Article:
As closely bonded as teams become, derby is also a sport that embraces individuality, and there is nothing “uniform” about the uniforms.
“You are allowed to be outrageous, there’s no uniform code to follow. No one wears the same helmets or the same shorts. We each have our own flair,” Gunn says. “You are free to create your alter ego. It’s aggressive dress up. The best part about derby is I get to dress the way I wanted to when I was 10, but was told not to.”
Gunn says her parents will be flying out to watch her play for the first time this Saturday night. If they loathe her taste in clothing they’re certain to be appalled by her hawkish game. One of the more combative members of the Juggernauts, Gunn cuts ruts to the “chair of detention” on such a frequent basis she’s referred to by team organizer Julie Borshell as “our penalty princess.”
Gunn was ejected from this season’s first bout on April 27 – an interleague contest between the Vixens and Belles where Gunn put one teammate (MacPhearsome) out of commission with a ride aboard her patented “pain train.”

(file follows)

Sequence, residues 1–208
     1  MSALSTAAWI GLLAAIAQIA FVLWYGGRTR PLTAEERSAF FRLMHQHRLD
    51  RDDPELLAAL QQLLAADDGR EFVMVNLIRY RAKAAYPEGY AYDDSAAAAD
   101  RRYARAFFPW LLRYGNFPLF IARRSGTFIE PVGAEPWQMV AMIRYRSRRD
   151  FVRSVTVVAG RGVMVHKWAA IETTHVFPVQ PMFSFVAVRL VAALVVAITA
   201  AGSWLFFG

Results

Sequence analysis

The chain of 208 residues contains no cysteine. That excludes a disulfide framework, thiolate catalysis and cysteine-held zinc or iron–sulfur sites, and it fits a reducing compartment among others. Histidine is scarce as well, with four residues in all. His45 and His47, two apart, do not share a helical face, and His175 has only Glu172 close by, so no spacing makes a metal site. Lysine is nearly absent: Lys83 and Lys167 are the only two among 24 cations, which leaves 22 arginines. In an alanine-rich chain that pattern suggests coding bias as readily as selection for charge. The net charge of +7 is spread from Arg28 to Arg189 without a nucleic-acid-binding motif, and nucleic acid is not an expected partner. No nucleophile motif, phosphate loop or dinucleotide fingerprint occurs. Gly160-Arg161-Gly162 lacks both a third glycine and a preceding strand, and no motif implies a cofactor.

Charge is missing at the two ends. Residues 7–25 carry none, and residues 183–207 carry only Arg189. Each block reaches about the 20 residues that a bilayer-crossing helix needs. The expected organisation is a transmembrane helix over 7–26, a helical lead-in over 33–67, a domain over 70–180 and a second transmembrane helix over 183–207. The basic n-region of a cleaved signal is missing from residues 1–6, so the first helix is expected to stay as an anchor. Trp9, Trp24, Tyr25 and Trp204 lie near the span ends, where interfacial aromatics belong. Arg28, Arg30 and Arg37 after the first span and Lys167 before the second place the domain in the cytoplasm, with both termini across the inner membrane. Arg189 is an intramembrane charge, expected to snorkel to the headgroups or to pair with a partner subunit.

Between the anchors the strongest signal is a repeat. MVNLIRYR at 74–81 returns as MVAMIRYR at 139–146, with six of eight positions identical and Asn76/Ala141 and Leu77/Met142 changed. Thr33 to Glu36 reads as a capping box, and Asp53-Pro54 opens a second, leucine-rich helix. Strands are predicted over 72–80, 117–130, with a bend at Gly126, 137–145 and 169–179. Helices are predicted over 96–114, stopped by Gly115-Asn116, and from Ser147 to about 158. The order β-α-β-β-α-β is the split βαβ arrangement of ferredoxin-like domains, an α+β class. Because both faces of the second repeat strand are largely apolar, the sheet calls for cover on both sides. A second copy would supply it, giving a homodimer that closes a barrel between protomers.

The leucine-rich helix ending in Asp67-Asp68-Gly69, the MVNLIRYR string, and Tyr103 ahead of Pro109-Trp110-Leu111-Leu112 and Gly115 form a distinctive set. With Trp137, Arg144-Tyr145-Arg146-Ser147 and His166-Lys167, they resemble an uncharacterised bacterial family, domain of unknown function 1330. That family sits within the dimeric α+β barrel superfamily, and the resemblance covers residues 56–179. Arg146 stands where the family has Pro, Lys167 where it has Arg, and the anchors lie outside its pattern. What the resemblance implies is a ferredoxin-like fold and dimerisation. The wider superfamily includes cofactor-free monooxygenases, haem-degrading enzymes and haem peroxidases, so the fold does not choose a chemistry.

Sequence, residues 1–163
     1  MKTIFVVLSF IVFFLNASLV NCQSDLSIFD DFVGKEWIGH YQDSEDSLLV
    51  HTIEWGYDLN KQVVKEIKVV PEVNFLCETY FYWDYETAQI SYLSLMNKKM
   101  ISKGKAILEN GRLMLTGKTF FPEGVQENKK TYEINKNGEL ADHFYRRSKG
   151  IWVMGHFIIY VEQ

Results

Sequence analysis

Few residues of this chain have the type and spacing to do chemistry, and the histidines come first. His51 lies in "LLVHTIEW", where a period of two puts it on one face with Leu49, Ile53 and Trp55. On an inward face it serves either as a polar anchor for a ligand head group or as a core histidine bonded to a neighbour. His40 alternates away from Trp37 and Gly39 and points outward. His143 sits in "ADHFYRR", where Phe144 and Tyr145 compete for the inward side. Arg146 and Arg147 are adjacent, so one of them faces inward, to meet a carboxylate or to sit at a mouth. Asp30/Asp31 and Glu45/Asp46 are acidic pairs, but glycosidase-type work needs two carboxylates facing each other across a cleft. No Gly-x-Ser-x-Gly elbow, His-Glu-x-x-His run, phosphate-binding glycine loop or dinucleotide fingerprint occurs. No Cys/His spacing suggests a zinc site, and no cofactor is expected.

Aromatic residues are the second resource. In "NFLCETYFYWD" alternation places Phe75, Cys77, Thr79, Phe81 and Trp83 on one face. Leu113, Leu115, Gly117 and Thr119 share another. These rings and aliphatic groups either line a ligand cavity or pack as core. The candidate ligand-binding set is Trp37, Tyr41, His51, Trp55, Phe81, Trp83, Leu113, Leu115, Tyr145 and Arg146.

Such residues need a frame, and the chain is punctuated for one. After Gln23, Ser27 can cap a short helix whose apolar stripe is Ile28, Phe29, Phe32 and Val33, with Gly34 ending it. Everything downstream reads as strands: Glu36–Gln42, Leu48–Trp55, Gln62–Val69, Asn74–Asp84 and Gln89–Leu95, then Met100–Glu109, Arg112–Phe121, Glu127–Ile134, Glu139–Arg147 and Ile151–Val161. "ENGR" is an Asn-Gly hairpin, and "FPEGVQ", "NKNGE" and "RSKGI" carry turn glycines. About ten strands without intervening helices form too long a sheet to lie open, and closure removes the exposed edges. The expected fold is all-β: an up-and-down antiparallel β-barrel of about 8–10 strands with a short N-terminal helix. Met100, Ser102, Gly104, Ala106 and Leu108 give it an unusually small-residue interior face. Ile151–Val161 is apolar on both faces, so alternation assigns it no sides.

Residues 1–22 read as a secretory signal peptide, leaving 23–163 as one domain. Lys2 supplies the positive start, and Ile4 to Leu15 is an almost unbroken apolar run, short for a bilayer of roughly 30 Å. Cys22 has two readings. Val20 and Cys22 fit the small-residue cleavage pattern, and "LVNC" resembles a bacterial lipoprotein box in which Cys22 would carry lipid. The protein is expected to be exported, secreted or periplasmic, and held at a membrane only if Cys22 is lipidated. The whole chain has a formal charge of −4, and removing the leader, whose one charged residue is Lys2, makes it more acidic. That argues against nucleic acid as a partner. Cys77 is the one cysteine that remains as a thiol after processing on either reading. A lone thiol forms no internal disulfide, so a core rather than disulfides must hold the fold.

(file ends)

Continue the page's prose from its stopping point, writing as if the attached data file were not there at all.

“Gunn hit me,” MacPhearsome remembers. “It wasn’t her fault. It was a really minor fall. It shouldn’t have happened.”
MacPhearsome is just about healed from the second-degree tear of her PCL. She downplays the incident and violence in general, which some wrongly identify with the game thanks to its shameless days of self-aggrandizing mockery that marred the sport during its ill-fated television days of the 1970s.
“There’s never been an all-out brawl in our league,” MacPhearsome says. “We are all individuals with our days where we are feeling grumpy, and we are all pretty good at taking ourselves out or getting off our skates when our fuse gets lit. Rule number one in derby is, ‘Don’t be a douche bag.’”